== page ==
As of 2019, over 120 cities and towns in Massachusetts provide electricity to their residents through municipal aggregation programs. Dozens more are in the process of setting up municipal aggregation programs—including Boston and Worcester—with the goal of providing competitive and often cleaner electricity options for residents.
Since AG Healey first called for reform in the competitive electric supply market, other states have undertaken similar efforts to protect consumers from these deceptive practices. In October 2018, then-Illinois Attorney General Lisa Madigan called for the Legislature to stop residential market contracting for competitive electricity suppliers in her state. In February 2019, the Connecticut consumer counsel and the chairman of the New York State Senate’s Energy and Telecommunications Committee each introduced legislation similar to AG Healey’s.
Today’s report is part of AG Healey’s ongoing efforts to address unfair and deceptive practices in the individual residential electric supply market, which includes investigating and taking action against suppliers who violate the state’s consumer protection laws.
In March 2018, Viridian Energy LLC agreed to pay $5 million in restitution to consumers for allegedly engaging in various deceptive and unfair sales tactics to switch consumers into costly contracts. The AG’s Office also reached a $4 million settlement with Just Energy in December 2014 for deceptive marketing and sales, entering consumers into agreements without their consent, and charging costly termination fees.
In October 2018, the AG’s Office sued Starion Energy for allegedly falsely promising consumers electricity rate reductions in unsolicited telemarketing calls and pre-recorded robocalls and then charging those consumers tens of millions of dollars more than they would have paid if they stayed with their utility company.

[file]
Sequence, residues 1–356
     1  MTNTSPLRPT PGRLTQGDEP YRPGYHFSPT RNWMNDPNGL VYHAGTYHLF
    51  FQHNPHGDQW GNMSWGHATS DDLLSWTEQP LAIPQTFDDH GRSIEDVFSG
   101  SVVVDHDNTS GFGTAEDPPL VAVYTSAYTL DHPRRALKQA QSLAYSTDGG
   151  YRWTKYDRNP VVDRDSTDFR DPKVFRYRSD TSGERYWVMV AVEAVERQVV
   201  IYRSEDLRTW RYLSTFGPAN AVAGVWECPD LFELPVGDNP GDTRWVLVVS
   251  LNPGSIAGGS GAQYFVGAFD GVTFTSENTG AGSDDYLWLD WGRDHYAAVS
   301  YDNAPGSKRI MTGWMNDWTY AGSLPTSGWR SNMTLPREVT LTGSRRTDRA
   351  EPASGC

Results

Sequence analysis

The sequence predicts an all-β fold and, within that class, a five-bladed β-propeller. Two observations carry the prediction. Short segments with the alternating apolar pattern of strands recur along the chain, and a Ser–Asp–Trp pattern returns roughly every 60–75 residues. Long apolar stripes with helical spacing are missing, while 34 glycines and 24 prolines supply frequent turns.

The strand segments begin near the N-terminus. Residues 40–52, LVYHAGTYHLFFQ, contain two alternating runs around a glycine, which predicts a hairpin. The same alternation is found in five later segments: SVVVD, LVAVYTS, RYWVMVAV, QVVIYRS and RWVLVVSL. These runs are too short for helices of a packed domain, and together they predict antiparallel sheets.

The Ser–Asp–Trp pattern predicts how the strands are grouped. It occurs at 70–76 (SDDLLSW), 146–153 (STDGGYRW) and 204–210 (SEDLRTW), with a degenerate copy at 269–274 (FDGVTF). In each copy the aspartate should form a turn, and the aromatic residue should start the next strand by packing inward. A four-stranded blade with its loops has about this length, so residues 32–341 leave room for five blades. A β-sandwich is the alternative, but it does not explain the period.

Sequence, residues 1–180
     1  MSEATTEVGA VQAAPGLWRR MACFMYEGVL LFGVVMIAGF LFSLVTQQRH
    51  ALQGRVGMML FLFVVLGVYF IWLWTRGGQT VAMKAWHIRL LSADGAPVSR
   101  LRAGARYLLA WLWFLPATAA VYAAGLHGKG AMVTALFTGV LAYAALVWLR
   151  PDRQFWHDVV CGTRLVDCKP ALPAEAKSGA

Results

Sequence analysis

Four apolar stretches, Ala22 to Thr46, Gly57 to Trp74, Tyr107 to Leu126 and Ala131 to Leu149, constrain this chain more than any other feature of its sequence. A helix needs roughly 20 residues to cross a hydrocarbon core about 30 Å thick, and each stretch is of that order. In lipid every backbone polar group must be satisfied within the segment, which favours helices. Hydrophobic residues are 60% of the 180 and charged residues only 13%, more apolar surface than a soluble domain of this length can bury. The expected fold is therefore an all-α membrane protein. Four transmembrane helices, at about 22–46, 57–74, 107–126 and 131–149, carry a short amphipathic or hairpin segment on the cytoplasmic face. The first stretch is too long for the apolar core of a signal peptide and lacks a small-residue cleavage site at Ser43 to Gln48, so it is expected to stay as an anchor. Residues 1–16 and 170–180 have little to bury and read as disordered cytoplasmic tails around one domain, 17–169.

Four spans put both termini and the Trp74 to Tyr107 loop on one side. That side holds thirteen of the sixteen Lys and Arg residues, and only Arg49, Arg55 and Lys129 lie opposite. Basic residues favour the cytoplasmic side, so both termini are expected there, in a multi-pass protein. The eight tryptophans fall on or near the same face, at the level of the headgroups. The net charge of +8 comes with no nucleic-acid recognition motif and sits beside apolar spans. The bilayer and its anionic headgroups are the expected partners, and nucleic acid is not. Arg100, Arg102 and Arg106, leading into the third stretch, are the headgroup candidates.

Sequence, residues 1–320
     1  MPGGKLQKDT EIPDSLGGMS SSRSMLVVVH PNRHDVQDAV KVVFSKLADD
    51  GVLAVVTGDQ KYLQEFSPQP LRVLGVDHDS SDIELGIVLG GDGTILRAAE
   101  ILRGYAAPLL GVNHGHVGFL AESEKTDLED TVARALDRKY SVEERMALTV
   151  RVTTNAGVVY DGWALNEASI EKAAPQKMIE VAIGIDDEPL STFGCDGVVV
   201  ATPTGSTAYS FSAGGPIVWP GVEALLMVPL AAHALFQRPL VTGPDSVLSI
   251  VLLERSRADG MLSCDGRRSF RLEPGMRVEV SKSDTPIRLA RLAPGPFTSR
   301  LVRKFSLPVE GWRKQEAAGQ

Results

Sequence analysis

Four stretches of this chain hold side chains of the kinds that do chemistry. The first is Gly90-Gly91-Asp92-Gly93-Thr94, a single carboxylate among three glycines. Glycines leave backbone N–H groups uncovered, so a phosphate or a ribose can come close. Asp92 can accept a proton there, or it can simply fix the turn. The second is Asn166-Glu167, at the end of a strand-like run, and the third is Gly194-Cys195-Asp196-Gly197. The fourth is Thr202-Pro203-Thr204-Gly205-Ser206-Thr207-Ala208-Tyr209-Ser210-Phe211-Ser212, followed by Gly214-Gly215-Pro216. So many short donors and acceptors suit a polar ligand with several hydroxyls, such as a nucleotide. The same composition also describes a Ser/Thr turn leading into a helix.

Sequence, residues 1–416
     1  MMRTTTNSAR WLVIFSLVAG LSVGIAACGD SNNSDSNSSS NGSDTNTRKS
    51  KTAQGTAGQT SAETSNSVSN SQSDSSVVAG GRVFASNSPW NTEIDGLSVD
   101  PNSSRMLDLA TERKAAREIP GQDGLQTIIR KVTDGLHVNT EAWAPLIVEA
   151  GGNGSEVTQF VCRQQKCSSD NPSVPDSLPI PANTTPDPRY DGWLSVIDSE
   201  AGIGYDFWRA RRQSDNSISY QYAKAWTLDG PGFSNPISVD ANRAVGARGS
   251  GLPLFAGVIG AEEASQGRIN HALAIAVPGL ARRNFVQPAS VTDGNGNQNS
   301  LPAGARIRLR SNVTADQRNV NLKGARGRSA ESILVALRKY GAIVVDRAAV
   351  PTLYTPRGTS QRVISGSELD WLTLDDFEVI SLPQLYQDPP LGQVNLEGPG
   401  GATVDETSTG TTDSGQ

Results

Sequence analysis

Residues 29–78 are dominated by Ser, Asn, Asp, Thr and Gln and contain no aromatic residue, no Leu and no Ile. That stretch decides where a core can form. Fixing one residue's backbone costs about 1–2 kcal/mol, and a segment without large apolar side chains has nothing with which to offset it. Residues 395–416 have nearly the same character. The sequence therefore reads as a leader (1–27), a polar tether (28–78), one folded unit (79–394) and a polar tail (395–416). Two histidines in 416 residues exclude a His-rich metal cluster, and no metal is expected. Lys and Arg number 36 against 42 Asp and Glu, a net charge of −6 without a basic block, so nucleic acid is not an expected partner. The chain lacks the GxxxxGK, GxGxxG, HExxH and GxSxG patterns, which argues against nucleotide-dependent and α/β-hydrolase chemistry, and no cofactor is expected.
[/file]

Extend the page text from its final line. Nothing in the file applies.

In March 2019, AG Healey filed extensive comments with the Department of Public Utilities (DPU), calling on the DPU to enact a series of regulatory measures that would help mitigate consumer harm for as long as suppliers continue to directly contract with residential electric customers, and requesting that the DPU investigate the impact of the individual residential electric supply market on the various low-income assistance programs and their participants.
Any resident or retailer with concerns about these deceptive marketing practices should file a complaint with the AG’s Office or call the consumer hotline at (617) 727-8400. Residents with questions can also contact the Consumer Division of the Department of Public Utilities at (877) 886-5066.
The AG’s report was prepared by the Susan M. Baldwin Consulting firm.
This matter is being handled by Assistant Attorneys General Elizabeth Anderson, Joseph Dorfler, Alexander Early, and Elizabeth Mahony, Deputy Division Chief Nathan Forster, and Division Chief Rebecca Tepper, all of AG Healey’s Energy & Telecommunications Division, along with Energy and Environment Bureau Chief Melissa Hoffer.